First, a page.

Before I go on to the article, let me share with the readers a picture of Gangaikonda Cholapuram, the grand temple built by Rajendra Chola. This July marked the 1000-year anniversary of the coronation of this mighty ruler of Chola Empire.
Chances are that if you don’t live in Tamil Nadu, you probably missed this piece of news. Why is that so? Just this question itself is worth pondering a lot, no?
UNESCO’s Universal Declaration on Cultural Diversity, 2001 emphasizes dialogue of cultures and civilizations, and asserts that creativity draws on the roots of cultural tradition but it flourishes in contact with other cultures. If we want Indian youth to develop and draw upon their innate creativity, it is imperative that they must have a deep and critical knowledge of their rich heritage and cultural traditions.
Indian spiritual wisdom teaches us that one must consciously try to become aware of different parts that make oneself, and make continuous attempts to live, as much as possible, in accordance with the inner truth that guides and determines one’s path of life. When our self-expression — the line of work we do, our connections with others, our growth through life-experiences, our motivations and intentions, everything — begins to flow from our unique inner law of being, we are on the path to discover our swadharma (the true purpose of our existence in this life). This is certainly not an easy task. But it is the first necessity.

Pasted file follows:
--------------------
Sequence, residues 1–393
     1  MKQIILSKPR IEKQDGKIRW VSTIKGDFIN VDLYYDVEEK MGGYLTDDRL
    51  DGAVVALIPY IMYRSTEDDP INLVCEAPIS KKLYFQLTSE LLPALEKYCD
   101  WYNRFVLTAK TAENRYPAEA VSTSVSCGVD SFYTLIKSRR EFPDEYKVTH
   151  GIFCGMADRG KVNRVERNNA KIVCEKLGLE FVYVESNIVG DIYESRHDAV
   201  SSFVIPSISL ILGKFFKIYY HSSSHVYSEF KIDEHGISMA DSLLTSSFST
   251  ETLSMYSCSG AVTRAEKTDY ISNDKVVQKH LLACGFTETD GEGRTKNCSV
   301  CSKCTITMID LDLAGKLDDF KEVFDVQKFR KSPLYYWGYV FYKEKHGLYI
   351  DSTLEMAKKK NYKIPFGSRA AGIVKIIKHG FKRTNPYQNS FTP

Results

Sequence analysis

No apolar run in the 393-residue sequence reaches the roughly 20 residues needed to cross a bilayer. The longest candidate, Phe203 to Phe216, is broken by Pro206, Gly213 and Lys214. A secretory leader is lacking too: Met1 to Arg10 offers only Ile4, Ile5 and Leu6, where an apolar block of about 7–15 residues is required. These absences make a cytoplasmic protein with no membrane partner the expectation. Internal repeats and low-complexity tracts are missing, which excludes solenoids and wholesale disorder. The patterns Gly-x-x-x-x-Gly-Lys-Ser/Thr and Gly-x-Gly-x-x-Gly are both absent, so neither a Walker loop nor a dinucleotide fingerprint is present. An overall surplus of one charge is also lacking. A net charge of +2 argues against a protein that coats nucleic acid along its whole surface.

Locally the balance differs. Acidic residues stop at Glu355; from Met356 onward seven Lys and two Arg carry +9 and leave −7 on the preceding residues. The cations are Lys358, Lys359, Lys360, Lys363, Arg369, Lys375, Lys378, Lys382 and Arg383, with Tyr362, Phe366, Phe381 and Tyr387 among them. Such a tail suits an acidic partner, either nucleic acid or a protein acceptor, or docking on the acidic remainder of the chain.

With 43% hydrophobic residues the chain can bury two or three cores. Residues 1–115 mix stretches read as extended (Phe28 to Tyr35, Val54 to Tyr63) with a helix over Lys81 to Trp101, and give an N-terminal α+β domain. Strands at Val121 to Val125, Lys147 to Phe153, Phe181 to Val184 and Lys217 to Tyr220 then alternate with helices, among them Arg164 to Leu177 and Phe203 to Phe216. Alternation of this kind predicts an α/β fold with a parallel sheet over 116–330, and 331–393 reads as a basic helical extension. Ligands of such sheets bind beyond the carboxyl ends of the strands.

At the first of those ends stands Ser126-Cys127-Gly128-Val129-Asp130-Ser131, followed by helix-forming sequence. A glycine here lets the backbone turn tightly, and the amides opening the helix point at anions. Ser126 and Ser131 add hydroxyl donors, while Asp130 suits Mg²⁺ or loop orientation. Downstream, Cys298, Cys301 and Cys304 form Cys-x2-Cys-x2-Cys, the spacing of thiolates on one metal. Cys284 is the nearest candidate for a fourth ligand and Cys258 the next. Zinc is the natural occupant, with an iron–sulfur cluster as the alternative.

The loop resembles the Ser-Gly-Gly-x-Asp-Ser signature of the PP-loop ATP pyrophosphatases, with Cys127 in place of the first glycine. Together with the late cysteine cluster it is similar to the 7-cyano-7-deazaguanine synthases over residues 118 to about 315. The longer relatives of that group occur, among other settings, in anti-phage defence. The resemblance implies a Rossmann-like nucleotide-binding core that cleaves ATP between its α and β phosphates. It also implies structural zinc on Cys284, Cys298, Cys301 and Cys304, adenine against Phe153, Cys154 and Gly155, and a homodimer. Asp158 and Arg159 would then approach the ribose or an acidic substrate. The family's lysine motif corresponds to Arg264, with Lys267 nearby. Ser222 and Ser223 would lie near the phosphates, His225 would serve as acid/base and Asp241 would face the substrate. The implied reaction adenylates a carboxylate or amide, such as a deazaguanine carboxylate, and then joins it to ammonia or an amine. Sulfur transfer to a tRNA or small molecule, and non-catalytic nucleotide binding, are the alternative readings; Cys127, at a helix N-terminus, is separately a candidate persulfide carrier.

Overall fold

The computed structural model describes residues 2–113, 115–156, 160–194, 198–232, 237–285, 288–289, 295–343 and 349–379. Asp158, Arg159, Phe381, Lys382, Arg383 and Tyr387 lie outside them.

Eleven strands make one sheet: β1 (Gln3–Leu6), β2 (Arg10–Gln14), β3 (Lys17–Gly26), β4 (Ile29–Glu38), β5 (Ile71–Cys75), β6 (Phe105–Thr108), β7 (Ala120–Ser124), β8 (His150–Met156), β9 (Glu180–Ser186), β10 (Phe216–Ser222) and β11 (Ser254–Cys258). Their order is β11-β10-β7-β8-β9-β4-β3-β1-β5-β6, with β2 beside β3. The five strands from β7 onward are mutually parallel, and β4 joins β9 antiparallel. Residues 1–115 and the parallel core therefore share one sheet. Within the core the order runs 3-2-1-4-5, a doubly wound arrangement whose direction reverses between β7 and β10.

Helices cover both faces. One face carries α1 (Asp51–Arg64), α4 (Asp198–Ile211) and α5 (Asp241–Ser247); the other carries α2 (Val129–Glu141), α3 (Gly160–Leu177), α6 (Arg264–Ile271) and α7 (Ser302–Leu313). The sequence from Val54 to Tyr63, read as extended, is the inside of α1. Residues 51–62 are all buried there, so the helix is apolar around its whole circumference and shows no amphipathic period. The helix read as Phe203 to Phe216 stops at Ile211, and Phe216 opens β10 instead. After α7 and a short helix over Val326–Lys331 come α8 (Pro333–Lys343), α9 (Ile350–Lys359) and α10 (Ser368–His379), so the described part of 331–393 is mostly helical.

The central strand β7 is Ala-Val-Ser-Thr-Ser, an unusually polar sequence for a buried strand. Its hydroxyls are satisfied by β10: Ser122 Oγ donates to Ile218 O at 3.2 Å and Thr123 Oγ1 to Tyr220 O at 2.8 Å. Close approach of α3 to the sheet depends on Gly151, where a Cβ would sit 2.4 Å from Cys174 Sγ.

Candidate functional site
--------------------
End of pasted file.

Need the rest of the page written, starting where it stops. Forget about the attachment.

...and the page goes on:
Same is true of the nation. Only when Indian children, youth and people know the inner history of India and its evolutionary march, can they truly be connected to the Indian spirit and work toward manifesting it through their works and actions.
To read my article “The Art of Questioning – 2”, click here.